If you’ve gotten a sense from recent news cycles that violent crime was becoming more of an issue than we’ve become accustomed to over the past couple of decades, recent data shows that it’s not just your imagination. The Free Beacon has the 27th and latest edition of the National Crime Victimization Survey and results are not encouraging. Published by the Bureau of Justice Statistics, the survey tracks the number of American citizens who fall victim to a variety of categories of violent crime. After decades of steady decline, the numbers seem to have reached a plateau in the past several years and are showing disturbing signs of heading back in the wrong direction.
The two-decade-long crime decline appears to have conclusively plateaued, a new report released Monday shows, as the share of Americans who faced a violent crime remained between 0.9 and 0.6 percent for the 12th year running.
Data from the latest National Crime Victimization Survey, a nationwide survey conducted annually since 1993 by the Bureau of Justice Statistics, show that roughly 1.2 million Americans, or 7.3 per 1,000 adults, report having been violently victimized in the past year. That’s down from 8.6 per 1,000 in 2018, the first year to see a significant uptick in decades.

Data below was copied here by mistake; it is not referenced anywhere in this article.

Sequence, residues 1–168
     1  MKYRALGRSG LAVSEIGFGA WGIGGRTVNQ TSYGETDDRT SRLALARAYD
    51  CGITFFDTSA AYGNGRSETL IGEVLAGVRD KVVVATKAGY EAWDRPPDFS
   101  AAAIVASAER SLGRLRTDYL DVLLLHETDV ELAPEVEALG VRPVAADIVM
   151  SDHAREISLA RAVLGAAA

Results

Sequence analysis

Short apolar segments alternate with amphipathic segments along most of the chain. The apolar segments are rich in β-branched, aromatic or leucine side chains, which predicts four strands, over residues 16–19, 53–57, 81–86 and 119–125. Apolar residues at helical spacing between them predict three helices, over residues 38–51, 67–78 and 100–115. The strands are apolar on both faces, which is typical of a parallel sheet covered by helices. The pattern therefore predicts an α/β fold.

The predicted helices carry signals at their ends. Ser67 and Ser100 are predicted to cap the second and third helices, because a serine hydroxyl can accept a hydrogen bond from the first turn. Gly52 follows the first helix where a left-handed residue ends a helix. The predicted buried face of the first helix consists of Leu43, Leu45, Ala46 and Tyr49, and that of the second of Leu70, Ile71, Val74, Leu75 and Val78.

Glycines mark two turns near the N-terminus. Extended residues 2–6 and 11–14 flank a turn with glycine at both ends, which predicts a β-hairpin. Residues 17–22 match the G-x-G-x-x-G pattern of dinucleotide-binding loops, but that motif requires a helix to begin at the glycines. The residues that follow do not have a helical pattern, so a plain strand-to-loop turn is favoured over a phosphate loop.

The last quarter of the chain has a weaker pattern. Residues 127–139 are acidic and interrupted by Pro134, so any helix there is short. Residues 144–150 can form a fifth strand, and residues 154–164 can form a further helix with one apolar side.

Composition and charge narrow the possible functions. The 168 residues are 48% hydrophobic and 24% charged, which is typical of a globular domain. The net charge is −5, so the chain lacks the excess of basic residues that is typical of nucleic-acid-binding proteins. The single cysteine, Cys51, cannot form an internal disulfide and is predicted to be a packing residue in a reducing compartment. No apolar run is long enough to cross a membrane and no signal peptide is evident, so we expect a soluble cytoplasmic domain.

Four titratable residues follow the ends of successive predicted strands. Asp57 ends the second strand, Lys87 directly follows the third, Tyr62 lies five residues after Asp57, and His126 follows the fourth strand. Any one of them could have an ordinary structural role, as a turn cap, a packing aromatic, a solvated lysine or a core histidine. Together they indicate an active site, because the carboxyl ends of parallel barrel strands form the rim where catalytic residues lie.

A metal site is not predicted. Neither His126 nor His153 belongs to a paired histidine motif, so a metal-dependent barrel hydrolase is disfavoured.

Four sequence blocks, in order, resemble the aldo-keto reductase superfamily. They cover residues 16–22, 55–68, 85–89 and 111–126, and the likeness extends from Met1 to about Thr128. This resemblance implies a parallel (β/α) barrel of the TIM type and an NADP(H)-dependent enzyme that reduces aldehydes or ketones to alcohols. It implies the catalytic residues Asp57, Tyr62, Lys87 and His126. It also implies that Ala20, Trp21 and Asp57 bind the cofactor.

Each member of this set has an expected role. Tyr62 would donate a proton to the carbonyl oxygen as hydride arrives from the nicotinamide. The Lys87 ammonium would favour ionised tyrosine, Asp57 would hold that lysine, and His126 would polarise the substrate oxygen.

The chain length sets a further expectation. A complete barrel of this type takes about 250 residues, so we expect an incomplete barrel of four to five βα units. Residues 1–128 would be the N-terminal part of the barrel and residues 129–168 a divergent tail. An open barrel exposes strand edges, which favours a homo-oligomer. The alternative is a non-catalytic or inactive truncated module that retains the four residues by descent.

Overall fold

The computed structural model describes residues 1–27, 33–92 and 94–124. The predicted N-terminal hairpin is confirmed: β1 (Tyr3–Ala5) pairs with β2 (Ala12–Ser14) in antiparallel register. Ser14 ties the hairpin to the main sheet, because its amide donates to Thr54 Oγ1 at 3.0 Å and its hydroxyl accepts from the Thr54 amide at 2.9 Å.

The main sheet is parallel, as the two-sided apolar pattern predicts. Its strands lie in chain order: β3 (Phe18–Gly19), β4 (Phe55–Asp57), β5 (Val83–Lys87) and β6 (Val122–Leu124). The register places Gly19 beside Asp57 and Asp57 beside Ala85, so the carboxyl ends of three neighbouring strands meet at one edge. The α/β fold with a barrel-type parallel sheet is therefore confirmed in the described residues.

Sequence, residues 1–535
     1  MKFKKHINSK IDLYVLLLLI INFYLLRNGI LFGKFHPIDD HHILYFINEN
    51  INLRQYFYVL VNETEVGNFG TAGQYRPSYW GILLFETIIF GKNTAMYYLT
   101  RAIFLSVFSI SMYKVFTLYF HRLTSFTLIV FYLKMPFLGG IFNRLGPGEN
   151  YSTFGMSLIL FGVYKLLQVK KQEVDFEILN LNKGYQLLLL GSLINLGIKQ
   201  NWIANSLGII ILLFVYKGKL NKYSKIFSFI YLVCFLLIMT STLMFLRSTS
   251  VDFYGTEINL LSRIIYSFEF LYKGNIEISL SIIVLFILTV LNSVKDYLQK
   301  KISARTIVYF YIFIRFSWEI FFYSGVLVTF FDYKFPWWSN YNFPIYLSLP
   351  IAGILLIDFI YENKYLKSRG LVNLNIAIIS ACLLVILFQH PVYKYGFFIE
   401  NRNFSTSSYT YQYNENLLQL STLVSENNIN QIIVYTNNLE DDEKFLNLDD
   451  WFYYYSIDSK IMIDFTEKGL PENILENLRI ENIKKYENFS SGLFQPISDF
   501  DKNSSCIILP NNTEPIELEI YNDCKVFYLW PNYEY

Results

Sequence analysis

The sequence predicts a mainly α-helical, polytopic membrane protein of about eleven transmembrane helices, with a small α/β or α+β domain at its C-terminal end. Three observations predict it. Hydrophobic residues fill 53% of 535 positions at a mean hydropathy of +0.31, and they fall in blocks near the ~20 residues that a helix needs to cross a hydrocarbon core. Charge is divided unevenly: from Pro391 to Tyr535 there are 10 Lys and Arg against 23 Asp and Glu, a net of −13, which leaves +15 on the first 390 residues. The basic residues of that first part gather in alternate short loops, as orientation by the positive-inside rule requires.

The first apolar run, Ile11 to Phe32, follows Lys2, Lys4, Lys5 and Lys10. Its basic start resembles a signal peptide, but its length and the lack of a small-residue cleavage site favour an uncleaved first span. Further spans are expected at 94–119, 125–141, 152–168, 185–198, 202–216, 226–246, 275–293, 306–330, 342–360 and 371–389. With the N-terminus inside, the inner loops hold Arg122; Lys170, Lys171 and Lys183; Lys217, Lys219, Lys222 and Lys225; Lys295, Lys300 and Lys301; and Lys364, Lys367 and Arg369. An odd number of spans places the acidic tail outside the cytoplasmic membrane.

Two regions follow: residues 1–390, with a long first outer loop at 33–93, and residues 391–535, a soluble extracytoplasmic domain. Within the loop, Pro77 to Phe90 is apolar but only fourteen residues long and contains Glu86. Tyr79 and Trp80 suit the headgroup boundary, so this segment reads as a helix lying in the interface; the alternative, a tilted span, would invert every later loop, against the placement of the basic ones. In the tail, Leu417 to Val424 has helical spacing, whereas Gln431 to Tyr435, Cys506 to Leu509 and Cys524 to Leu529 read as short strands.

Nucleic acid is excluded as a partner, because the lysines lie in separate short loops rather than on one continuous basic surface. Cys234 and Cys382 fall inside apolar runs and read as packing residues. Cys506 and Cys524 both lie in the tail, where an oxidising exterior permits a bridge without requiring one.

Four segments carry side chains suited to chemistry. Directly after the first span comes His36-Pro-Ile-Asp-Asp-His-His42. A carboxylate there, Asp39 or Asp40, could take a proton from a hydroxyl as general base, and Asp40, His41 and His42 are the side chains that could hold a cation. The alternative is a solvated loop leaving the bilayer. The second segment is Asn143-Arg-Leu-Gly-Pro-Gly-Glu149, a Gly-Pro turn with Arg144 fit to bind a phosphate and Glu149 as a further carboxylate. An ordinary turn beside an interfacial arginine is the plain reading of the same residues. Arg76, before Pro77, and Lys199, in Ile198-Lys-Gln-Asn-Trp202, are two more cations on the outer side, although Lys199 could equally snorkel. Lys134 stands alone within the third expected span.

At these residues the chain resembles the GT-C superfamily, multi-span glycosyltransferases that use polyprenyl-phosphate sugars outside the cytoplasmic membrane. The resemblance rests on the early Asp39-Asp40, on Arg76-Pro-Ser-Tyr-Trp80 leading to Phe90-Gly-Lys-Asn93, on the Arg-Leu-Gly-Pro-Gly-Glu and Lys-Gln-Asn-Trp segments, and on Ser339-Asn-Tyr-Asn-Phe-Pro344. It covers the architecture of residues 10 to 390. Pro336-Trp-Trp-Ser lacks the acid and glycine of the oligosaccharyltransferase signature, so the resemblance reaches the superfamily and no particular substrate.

But the bigger picture the new data paint is of a stalled-out crime decline. After falling precipitously from 1993 through the mid-2000s, the violent victimization rate has hovered around 8 per 1,000.
If you click through the link above to view the chart, the trend being discussed is immediately apparent. The crime rates we experienced in the early nineties when the survey began are probably unimaginable to younger people who grew up in the 21st century. And those rates were a holdover from the late seventies and into the eighties, which were even worse. That period is referred to as “the great crime wave,” and an average of 3% of Americans were victims of some form of violent crime every year.